Having a single currency dominate any market would lead to an unhealthy lack of competition. It is in the long term advantage that all currencies, be they crypto or cash, have some competition to drive innovation and increase value. There’s not a lot of incentive to improve things if you’re the single monopoly holder of the only truly valuable currency on the planet.


Since ancient times, currencies of all kinds have been in competition with one another. Without some intense global intervention, this fact seems unlikely to change. Even in the field of private cryptocurrencies, Bitcoin is constantly challenged by other cryptocurrencies. However, it’s not outside of the realm of possibility that authoritarian states might try to ban cryptocurrencies. All cryptocurrencies that are not the product of a government central bank may be unscrupulously targeted. Such an event would certainly shake up the competitive landscape and divide citizens of the world. Not to mention that we would get to test which cryptocurrencies are truly resistant to censorship.

In the case of the IMF introducing a cryptocurrency, that one single token wouldn’t dominate all markets. It may replace the USD as a reserve currency, for better or worse, but a reserve currency isn’t necessarily used all the time in everyday transactions. Sovereign states have too strong a stake in the development of their own currencies to permit one single money to dominate the market. Market competition between fedcoins and private coins will keep crypto markets healthy, so long as authoritarian governments do not blanket ban them. Just as in ancient times, a variety of currencies to choose from will likely remain the norm.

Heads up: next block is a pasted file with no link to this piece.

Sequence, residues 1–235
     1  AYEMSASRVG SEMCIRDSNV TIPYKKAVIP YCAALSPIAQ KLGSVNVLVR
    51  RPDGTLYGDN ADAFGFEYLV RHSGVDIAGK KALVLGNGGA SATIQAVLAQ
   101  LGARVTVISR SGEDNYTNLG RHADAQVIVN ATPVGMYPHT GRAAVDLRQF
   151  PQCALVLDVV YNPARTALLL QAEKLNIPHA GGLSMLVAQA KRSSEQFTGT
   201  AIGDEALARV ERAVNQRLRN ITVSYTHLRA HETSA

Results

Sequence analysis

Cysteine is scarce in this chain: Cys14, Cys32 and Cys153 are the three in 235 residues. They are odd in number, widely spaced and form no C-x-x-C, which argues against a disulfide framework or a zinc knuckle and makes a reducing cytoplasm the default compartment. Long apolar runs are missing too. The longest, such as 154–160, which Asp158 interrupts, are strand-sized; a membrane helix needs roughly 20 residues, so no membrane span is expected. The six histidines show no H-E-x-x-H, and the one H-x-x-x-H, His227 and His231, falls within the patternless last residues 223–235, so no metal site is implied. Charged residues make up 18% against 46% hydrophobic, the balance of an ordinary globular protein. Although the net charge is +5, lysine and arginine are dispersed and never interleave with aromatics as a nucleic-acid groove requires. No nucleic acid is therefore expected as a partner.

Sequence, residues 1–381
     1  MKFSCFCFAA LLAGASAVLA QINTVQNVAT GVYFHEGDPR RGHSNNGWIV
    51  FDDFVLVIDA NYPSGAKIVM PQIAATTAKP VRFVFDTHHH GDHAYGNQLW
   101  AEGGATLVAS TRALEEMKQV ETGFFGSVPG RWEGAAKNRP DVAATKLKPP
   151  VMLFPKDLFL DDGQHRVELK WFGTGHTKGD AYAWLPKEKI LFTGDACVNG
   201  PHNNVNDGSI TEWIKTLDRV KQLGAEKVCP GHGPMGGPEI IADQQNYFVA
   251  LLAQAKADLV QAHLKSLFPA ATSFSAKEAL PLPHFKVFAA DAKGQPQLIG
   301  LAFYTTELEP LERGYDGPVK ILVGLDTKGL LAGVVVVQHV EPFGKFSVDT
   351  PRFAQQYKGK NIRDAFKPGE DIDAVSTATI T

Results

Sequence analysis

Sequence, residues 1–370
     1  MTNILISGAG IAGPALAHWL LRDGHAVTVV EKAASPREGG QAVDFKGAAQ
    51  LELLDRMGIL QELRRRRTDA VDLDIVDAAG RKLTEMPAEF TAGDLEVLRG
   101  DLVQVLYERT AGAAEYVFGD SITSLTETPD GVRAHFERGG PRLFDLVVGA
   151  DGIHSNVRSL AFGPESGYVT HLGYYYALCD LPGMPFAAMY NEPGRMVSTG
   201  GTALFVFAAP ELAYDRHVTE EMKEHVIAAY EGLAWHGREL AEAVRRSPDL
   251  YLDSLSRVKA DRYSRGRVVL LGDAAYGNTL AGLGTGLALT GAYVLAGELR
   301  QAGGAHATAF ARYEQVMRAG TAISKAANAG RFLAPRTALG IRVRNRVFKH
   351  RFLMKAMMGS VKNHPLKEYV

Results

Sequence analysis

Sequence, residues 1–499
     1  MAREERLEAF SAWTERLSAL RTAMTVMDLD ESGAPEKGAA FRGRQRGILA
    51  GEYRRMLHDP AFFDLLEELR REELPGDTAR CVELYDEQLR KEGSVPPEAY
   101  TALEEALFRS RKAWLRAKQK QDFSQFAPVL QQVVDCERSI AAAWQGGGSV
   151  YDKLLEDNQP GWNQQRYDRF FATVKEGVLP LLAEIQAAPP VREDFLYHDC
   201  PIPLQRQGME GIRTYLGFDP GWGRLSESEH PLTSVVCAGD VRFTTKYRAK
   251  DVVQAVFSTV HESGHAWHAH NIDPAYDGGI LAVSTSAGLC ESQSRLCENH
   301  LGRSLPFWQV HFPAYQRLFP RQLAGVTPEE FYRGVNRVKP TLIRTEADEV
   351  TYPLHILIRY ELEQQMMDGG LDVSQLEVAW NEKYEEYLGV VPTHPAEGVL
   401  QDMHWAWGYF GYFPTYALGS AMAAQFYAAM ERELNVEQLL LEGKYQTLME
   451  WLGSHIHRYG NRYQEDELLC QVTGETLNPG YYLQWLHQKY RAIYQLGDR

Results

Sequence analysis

Article Tags
Michael Brown

About the Author

Michael Brown

Michael Brown is the acting Chairman of community based thought collective, Subcultural Research Lab. His interest in Crypto began while studying industrial engineering in Dartmouth, Nova Scotia. His passion lies in geopolitics, social phenomenon, and the exchange of data. You can find Subcultural Research Lab at

Back To Top